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Galaxy Note 10.1 review - A tablet for creative people
I have been an iPhone user for many years. I have embraced the iPad wholeheartedly, since it was the best tablet the market offered. Both products have introduced me to the quality of Apple’s products, which have displaced most of my laptops and PC’s at home. I am typing this review on a Macbook Air.
I have been a Wacom Tablet user as well. I got my Wacom before the iPad and I would not miss editing a picture without it. Holding a pen is more natural and gives me much better precision than working with a mouse.
Ever since I held my first iPad in my hands, I have fantasized that a stylus would be the ideal accessory. It would allow for a level of creativity that a finger cannot achieve, especially if the stylus is pressure sensitive, like my Wacom tablet’s pen.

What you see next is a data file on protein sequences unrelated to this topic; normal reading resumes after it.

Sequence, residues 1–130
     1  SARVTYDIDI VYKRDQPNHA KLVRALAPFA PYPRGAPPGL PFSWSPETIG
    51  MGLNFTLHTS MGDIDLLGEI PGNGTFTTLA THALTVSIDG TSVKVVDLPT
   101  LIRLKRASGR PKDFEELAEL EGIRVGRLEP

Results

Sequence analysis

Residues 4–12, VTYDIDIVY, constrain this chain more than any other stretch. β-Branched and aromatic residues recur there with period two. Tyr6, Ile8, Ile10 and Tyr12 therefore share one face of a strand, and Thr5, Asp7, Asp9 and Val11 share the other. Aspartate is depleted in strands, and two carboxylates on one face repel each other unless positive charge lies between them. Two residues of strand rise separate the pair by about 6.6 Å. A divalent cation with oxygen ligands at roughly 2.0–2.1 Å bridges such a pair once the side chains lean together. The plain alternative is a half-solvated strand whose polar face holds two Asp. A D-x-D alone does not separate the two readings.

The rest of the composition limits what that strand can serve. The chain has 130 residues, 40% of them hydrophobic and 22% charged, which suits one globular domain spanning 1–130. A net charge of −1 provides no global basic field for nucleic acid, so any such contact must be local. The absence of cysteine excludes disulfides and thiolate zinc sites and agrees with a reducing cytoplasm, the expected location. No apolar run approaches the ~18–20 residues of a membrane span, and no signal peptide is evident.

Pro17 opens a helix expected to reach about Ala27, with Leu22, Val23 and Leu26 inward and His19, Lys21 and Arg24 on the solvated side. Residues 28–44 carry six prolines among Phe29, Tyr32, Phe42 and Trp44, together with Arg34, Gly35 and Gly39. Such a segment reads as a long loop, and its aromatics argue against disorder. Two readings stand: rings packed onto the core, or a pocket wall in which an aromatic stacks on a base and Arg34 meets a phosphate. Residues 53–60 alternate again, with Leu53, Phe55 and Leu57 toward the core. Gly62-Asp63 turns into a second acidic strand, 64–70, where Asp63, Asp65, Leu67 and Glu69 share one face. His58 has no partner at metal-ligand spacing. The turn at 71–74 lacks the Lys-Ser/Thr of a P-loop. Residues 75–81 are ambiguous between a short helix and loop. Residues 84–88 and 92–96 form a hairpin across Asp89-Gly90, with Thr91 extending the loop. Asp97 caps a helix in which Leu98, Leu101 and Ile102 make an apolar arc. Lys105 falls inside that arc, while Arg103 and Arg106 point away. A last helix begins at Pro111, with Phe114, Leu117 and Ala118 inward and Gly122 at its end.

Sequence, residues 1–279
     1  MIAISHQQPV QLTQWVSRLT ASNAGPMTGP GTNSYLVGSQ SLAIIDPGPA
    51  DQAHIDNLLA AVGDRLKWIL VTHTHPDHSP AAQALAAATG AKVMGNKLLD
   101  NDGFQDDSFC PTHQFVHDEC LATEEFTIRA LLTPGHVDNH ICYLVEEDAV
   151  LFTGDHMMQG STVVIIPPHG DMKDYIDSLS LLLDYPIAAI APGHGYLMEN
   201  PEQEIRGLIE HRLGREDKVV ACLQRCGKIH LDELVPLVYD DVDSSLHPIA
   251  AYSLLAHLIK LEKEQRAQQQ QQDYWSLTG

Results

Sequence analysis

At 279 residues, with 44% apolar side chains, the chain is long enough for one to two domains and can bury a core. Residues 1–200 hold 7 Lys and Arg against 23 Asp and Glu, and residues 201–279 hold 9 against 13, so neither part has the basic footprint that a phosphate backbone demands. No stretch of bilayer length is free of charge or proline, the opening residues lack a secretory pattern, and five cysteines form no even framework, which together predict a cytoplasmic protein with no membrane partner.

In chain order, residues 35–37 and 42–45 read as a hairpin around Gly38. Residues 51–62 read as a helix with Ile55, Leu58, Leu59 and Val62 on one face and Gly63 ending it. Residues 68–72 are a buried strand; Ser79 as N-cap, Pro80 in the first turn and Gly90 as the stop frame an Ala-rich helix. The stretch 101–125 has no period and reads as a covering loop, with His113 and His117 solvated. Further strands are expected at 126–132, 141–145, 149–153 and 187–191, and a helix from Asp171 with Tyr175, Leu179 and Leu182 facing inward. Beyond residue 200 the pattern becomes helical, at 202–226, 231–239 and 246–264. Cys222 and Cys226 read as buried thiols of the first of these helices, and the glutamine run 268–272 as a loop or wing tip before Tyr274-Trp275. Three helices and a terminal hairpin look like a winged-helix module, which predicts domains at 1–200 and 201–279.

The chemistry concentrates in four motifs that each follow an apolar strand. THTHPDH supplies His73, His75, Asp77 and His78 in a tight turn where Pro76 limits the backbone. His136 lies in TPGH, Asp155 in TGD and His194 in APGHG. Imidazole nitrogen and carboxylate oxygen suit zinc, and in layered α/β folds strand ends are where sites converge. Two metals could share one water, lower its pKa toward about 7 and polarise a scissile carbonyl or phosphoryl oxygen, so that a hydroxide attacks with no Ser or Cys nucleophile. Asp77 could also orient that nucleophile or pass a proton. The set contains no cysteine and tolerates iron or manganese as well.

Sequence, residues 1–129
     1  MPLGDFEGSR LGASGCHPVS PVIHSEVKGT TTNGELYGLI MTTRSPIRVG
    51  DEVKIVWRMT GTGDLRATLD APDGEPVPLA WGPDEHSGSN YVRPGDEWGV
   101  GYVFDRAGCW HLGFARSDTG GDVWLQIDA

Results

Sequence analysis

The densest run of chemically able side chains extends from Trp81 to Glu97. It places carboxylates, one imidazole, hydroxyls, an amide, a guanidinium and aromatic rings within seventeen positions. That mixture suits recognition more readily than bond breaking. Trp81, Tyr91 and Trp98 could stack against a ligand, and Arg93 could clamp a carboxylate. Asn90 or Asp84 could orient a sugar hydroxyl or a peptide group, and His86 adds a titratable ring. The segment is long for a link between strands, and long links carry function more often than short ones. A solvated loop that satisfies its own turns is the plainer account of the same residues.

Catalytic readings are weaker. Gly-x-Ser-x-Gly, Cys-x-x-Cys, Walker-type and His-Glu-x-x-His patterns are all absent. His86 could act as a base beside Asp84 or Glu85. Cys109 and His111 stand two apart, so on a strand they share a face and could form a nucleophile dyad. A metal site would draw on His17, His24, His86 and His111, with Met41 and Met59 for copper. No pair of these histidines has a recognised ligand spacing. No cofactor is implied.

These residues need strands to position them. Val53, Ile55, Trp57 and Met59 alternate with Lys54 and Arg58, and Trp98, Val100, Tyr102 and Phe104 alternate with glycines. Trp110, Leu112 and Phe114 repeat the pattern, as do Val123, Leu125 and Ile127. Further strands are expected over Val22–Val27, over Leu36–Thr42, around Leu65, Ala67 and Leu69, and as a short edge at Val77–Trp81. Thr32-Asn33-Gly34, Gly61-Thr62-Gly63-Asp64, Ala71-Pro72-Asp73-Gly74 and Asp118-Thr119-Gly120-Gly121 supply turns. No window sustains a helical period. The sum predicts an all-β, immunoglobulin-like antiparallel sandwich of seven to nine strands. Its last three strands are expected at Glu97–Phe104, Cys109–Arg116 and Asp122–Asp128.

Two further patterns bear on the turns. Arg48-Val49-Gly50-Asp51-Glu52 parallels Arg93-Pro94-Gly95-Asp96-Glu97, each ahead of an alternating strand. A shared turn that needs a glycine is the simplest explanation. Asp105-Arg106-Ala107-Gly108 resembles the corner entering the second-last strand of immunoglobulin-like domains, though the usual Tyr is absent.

Right around the time I got my first iPad, I spoke to a couple of Apple engineers involved with the touch interface and we discussed touch technologies. At this time, there was a certain understandable pride among the engineers. The prevalent thought was that Apple had been the company who figured out how to do tablets right. A big part of doing it right, meant to eliminate the need for a stylus.
Understandably, when I brought up the idea of wanting a stylus, the engineers ignored my pleas. Nobody would want this and touch was the way of the future. I was beginning to wonder if any of them ever had used a Wacom tablet before. A touch sensitive display that would also respond to a pressure sensitive stylus would certainly not be a step back. After all, it wouldn’t NEED a stylus, but rather benefit from it.
Every year Apple introduced a new iPad, I was secretly hoping to find support for a pressure sensitive stylus, but no such luck. Eventually, Samsung was the company that built the iPad I always longed for, the Galaxy Note 10.1.